Chinese Negotiations: Eating Bitterness

Negotiate 谈判 [tánpàn]The Chinese are highly skilled negotiators and some of the tactics applied can be attributed to 吃苦耐劳 or chīkǔnàiláo which can be translated as “eating bitterness and enduring labour” and meaning one’s ability to work hard and endure hardships. This blog will discuss and give suggestions on the importance of this element when negotiating with Chinese.

While Westerners place more importance on talent, the ability to chīkǔnàiláo are by Chinese seen as important and honourable. Children in China are taught and encouraged from a young age to study hard and for long hours. Mao Zedong is revered for the 18-month and 12,500km Long March through difficult terrain. Today, chīkǔnàiláo is reflected in the industriousness that drives the Chinese market-place economy.

To match your Chinese counterpart, three tactics can be applied. The first is to ask questions and ask the same questions again. It can actually be smart to be a little dumb. By asking “I didn’t fully understand what you meant. Can you explain again?” the opposite side will need to concede a little and you can expose weaknesses in their argument. Also, use counter-questions. The Chinese admire and respond to relentlessness so a question such as “We understand that delivery is important to you. Can you remind us again why?” could bring you closer to your objectives.

Second, it is important to show endurance by going to great lengths in your research and then educate your Chinese counterpart. It is important to explain your company’s situation, needs and preferences but be careful not to appear condescending. It is not a bad idea to provide your Chinese customers with information about your own competition or to couch arguments in the context of “international business practices’ to serve as education. To demonstrate potential results, invite your prospective customer to visit overseas for an opportunity to see the product or service in working.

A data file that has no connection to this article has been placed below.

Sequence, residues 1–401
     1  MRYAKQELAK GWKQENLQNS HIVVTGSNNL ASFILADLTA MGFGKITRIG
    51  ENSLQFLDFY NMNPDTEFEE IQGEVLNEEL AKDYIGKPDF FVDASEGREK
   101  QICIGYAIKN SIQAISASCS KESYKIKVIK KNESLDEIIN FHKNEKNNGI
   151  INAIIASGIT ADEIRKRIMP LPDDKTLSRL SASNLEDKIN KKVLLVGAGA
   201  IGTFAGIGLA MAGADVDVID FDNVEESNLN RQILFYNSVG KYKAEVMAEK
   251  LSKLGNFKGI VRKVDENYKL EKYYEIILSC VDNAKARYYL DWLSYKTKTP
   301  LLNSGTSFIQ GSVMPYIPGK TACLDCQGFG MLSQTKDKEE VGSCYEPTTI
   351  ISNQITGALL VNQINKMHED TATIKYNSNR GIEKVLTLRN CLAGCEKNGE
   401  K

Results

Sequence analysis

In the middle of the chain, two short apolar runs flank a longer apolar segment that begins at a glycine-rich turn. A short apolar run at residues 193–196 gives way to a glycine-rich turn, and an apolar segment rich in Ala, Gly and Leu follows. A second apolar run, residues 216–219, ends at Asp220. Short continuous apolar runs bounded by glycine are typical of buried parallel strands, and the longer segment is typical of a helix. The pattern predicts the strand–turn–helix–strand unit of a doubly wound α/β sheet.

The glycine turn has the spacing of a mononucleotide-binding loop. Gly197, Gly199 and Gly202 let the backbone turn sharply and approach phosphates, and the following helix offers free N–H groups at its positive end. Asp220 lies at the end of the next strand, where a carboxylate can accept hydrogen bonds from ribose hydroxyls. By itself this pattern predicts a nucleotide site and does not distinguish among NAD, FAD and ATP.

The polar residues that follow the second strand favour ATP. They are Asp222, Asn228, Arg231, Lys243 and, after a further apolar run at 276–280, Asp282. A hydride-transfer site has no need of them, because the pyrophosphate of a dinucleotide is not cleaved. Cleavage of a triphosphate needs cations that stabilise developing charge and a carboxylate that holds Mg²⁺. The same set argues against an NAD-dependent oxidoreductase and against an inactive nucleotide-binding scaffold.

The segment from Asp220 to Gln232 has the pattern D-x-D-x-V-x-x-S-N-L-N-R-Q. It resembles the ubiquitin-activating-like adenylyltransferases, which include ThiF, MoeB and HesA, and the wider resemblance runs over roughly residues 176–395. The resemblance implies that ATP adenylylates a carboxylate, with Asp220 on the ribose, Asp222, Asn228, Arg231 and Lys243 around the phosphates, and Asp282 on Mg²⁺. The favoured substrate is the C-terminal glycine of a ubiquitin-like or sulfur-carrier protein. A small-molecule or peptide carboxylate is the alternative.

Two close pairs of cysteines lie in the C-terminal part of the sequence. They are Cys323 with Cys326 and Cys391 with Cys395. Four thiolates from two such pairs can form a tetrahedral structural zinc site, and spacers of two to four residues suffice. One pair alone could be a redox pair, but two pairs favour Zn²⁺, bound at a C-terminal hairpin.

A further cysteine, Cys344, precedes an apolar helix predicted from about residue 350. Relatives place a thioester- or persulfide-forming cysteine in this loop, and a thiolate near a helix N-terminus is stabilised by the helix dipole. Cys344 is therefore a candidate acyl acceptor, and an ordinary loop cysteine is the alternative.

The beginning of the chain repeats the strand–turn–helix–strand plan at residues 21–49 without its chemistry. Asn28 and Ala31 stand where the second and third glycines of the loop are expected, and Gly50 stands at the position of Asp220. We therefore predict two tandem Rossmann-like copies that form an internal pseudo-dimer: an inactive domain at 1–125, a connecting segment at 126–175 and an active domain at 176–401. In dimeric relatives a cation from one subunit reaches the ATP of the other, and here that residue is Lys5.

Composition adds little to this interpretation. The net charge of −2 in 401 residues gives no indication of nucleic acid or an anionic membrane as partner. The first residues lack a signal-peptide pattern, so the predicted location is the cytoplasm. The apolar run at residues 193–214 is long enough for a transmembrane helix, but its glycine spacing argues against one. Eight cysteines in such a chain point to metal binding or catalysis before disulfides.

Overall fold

Third, showing patience is a virtue and a sign of chīkǔnàiláo. The Chinese are skilled in using delays as a persuasive tactic so prepare yourself to stay a few more hours or even days longer than scheduled. One (possibly unintentional) reason for delays may be that Chinese will often need to consult with peers and managers for consensus. A combination of the negotiating party’s status and need for group consensus can complicate issues and require more time before an agreement is reached. Also, be aware that pauses in the negotiation cycle will allow your counterparts to think of more questions based on new information so be patient.

As some final advice: do ask questions, come prepared, offer information and explain your situation. And most importantly: show patience and match your Chinese counterparts through exercising chīkǔnàiláo.

This blog has focused on the chīkǔnàiláo aspect of negotiation. There are other important aspects such as guānxì 关系, intermediaries 中间人, social status 社会等级  and face 面子. I might cover some of these issues in another blog.